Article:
The VICEChannels

      film Tish Weinstock 25 September 2015

      rebecca root on cisgender actors playing transgender roles

      We talk to Boy Meets Girl actress Rebecca Root about the politics of film.

      Much has been said about the lack of trans roles in film, even more so about the roles that do exist being given to cis actors. When Jared Leto was cast as Rayon in Jean-Marc Vallée's award-winning 2013 hit Dallas Buyer's Club, there was a huge uproar. "I have no interest in watching a cis man in drag play a trans woman ever again," wrote Jos Truitt of Feministing. The same occurred when Eddie Redmayne was cast as historic artist Lili Elbe in The Danish Girl, and when i-D cover girl Elle Fanning was cast as Ramona, beginning her transition to Ray, in About Ray. In 2015, trans issues have become part of the cultural conversation in a way they haven't before, what with Laverne Cox being nominated for an Emmy for her role on Orange is the New Black and Caitlyn Jenner gracing the cover of Vanity Fair. That there was no uproar when Hilary Swank played Brandon Teena in Boys Don't Cry, way back in 1999, just goes to show how far we've come as a society in terms of accepting perceived difference. Then again, that we're still giving trans role to cis actors proves we've still got a long way to come.

      We asked trans actor and British comedian, Rebecca Root, where she stands on the debate and about her experiences in the film and TV industry thus far. Rebecca is currently starring in the BBC comedy, Boy Meets Girl, and also plays the role of Lili Elbe's nurse in The Danish Girl, opposite Eddie Redmayne.

      As a trans actor, how accepting have you found the film industry?
      Once I have been cast there has been no problem; the fact is it is a very overcrowded industry and just getting the work in the first place is difficult.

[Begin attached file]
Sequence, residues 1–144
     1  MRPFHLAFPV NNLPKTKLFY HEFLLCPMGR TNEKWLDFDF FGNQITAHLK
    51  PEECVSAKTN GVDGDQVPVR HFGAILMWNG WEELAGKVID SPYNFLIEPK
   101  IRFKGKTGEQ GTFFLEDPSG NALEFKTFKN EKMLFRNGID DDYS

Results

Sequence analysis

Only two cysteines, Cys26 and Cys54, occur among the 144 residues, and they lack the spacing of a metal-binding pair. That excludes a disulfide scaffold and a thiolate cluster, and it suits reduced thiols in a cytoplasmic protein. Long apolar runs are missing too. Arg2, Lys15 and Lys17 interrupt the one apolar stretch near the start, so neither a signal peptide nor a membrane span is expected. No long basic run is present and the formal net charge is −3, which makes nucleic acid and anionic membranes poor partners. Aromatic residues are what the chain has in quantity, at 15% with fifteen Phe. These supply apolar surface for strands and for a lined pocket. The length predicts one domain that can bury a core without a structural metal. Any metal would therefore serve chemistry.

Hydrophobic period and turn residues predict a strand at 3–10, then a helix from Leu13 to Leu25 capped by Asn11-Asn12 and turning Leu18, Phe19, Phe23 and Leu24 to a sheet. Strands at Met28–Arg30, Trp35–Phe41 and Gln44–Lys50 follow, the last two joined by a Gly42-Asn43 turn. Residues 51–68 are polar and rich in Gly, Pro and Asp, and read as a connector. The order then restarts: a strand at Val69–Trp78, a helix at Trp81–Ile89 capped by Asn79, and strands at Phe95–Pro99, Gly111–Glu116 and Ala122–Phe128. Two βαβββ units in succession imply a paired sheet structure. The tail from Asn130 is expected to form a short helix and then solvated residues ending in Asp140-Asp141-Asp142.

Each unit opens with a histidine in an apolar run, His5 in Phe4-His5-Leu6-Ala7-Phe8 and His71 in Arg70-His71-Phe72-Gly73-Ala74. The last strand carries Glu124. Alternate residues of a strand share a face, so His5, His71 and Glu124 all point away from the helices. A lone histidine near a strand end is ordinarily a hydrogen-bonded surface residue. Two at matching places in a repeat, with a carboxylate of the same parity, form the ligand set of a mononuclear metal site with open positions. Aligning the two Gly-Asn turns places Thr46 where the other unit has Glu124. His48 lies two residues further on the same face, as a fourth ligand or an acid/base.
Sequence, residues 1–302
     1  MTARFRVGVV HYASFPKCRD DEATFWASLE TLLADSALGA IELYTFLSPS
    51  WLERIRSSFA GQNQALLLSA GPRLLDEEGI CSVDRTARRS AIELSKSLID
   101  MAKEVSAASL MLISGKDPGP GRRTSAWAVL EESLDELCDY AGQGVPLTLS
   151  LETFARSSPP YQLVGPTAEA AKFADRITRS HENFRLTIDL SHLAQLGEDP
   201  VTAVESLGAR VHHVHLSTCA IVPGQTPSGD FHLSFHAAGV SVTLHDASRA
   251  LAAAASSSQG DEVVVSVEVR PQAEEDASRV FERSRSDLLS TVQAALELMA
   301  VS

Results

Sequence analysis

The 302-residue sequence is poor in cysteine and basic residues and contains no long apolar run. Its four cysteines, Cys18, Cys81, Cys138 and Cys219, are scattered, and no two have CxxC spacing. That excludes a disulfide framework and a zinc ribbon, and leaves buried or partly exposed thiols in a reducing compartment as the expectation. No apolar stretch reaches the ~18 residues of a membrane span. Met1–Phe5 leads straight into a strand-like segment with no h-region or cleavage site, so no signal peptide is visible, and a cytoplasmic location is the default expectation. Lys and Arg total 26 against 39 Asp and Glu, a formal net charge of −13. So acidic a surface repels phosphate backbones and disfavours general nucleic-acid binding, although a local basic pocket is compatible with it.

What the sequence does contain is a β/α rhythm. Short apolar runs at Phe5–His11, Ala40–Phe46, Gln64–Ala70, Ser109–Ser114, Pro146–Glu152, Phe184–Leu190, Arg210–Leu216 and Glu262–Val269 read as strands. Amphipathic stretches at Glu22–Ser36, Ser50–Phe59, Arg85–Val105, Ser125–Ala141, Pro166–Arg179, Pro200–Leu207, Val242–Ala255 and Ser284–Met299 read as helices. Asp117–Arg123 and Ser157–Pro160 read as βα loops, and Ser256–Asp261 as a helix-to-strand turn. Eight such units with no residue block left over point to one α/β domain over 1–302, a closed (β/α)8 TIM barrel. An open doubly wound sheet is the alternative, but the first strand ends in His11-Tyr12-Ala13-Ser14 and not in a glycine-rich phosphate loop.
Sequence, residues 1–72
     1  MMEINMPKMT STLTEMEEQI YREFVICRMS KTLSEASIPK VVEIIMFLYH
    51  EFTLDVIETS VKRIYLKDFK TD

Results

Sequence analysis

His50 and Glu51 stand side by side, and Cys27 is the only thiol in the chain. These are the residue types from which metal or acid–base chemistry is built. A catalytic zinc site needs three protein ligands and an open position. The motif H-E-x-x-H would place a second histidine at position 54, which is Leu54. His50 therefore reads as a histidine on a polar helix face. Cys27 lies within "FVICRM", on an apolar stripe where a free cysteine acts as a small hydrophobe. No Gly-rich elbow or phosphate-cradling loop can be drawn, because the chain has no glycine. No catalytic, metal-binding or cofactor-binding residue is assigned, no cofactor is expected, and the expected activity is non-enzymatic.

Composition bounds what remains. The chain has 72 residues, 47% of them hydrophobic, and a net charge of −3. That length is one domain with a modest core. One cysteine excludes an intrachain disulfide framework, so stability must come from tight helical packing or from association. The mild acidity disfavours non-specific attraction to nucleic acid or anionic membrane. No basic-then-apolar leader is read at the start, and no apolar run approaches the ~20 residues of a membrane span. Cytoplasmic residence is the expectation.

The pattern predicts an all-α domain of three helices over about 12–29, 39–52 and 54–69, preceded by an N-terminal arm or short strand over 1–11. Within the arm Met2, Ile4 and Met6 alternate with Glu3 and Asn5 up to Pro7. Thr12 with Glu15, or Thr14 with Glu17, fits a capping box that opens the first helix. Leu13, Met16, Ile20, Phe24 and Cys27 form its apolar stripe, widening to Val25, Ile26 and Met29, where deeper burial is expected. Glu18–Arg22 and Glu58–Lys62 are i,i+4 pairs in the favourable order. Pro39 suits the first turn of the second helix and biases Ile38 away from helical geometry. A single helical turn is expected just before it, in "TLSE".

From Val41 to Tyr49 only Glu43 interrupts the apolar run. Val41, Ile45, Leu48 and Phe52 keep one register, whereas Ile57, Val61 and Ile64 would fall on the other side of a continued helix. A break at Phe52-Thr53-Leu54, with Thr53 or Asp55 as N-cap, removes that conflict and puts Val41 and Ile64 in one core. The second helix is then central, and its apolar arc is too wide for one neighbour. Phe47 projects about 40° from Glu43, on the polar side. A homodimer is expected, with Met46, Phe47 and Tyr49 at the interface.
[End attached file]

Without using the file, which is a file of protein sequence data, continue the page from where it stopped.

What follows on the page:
Why do you think there is a lack of trans actors in film?
      I suspect because the scriptwriters and producers who make mainstream films have only ever regarded trans* people as "issue" characters; whereas, just like people with disabilities or people from ethnic minorities, we are just people. People with stories to tell - and not all of them related to our gender expression.

      Why do you think people are so angry that trans roles are being given to cis actors, like Jared Leto, Elle Fanning, and Eddie Redmayne?
      I think there is always going to be a strong response from a community when that community is represented in high profile media by somebody who is not from that community. Having said that, do we know for sure that Jared Leto et al aren't closeted trans*? Assuming they are cis, of course this is likely to cause a stir. But where are the high-calibre actors who can attract an audience in a crowded market? Perhaps one day I will be cast in a feature film in a starring role - if I am very very lucky. Would I reject a role because it was a cis character? I very much doubt it.